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Wednesday, 8 May, 2002, 12:17 GMT 13:17 UK
Profile: Olara Otunnu
Child soldiers from the Kamajor militia (UNICEF/Pirozzi)
Child soldiers from the Kamajor militia (UNICEF/Pirozzi)
Olara Otunnu, the UN special representative for children and armed conflict has a deep commitment to ending the exploitation of infants.

His role exposes him to some of the worst of humankind.

OIara Otunnu
Olara Otunnu: Determined to make a difference
But it appears that the huge possibilities for good if he can help allow children to grow up in peace and stability - designated a fundamental human right by the UN - is keeping him going.

Mr Otunnu was born in Mucwini in Uganda. Unlike so many children today, he was able to go to school - first to Gulu High School in the north of the country and then to King's College Budo.

But Uganda had its own troubles at the time and Mr Otunnu decided as a very young man that he would do what he could to make things better.

As president of the students' union at Makerere University in Kampala in the 1970s, he argued against the racist regime of Idi Amin.

He took that role further, becoming Secretary-General of the Uganda Freedom Union.

Legal background

His outstanding intellect was recognised and he was able to take up scholarships at Oxford University and Harvard Law School.


Compelled to become instruments of war, to kill and be killed, child soldiers are forced to give violent expression to the hatreds of adults

Olara Otunnu

He trained as a lawyer and practised law for a while at a New York firm before moving upstate to become Assistant Professor of Law at Albany Law School.

He returned to Uganda to serve as a member of the post-Amin transition administration and then went back to New York as Uganda's permanent representative to the United Nations.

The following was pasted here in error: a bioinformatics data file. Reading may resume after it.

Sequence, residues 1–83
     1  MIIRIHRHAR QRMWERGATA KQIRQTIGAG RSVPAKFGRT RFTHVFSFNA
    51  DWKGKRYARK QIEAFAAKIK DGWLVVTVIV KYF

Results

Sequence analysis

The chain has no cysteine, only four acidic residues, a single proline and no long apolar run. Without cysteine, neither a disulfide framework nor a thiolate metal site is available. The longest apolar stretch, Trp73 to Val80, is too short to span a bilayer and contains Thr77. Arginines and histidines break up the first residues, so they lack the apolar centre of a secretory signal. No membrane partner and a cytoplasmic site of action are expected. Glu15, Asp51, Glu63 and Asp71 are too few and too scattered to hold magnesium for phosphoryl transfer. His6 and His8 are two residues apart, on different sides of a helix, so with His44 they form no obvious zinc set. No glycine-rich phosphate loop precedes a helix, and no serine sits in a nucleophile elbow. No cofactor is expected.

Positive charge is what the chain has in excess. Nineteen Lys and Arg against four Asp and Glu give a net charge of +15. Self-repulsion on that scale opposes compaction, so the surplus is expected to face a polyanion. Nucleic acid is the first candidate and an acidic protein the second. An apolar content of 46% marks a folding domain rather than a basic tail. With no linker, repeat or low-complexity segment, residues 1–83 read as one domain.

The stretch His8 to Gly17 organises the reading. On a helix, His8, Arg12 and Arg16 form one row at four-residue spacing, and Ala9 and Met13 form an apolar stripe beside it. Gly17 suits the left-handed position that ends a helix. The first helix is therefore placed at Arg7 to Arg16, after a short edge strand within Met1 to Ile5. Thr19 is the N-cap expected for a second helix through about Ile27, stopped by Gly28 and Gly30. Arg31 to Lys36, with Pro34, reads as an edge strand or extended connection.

As with his academic work, he succeeded in politics - playing a very active role during his tenure including stints at President of the UN Security Council, Chairman of the Commission on Human Rights, Vice-President of the General Assembly and Chairman of the African Group.

He took his expertise back to Kampala as foreign minister from 1985 to 1986 before returning to the world of academics.

From 1990 he managed to meld his two passions together as President of the International Peace Academy.

Obvious choice

In many ways he was an obvious choice to be appointed as the special representative for children and armed conflict.

The UN describes his job as:

  • Serving as a moral voice and advocate for war-affected children
  • Promoting measures for their protection in times of war
  • Promoting healing and social reintegration in the aftermath of conflict

Since he was appointed in 1996, following the Graca Machel study on the impact of war on children, he has had plenty of opportunity to fight for children affected by conflict as well as some chance to check their progress once the guns go quiet.

Child soldier, Sierra Leone
Sierra Leone has large numbers of child soldiers

He calls the widespread use of children in armed conflicts as "one of the most horrendous trends in wars today, seen from Colombia to Sierra Leone, from Sri Lanka to Sudan and Uganda, from Burma to Angola.

"Compelled to become instruments of war, to kill and be killed, child soldiers are forced to give violent expression to the hatreds of adults."

It is not just the child combatants who are affected, but the girls who become "wives", the youngsters who have to cook for the troops, be messengers or spies.

Grim catalogue

Mr Otunnu believes some of the worst atrocities are committed by children who simply know no better.

As they get older they may begin to comprehend the magnitude of what they have done but they may also have been inured to the horrors of war, which for them are "normal".

On one of his early trips, Mr Otunnu visited Sierra Leone - one of the areas where he is determined to make a difference - and met a baby who would never become a toddler for his leg was hacked off when he was just two months old.

A skilled diplomat, Mr Otunnu is able to get pledges from armies such as those in Sierra Leone and Sri Lanka that they will not use children younger than 18, but he still travels to those countries to ensure they keep their promises.

But he continues to set himself higher and higher goals.

"By the time my mandate expires, I hope to have succeeded in creating broad-based awareness of the fate of children affected by armed conflict and that global outrage at these continuing abominations will in turn have led to a world-wide movement of repudiation," he said.

See also:

12 Feb 02 | World
Enforcing child soldier ban
11 Feb 02 | World
Child soldiers banned by UN law
17 May 00 | Africa
Fighting against child soldiers
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